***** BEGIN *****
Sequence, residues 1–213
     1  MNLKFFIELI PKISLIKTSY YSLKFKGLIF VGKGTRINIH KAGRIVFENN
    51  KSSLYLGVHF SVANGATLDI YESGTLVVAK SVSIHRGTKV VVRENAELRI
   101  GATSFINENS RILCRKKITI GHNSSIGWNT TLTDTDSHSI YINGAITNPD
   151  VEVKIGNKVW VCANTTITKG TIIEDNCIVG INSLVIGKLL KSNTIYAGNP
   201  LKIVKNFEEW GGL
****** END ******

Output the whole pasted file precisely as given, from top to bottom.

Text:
Sequence, residues 1–213
     1  MNLKFFIELI PKISLIKTSY YSLKFKGLIF VGKGTRINIH KAGRIVFENN
    51  KSSLYLGVHF SVANGATLDI YESGTLVVAK SVSIHRGTKV VVRENAELRI
   101  GATSFINENS RILCRKKITI GHNSSIGWNT TLTDTDSHSI YINGAITNPD
   151  VEVKIGNKVW VCANTTITKG TIIEDNCIVG INSLVIGKLL KSNTIYAGNP
   201  LKIVKNFEEW GGL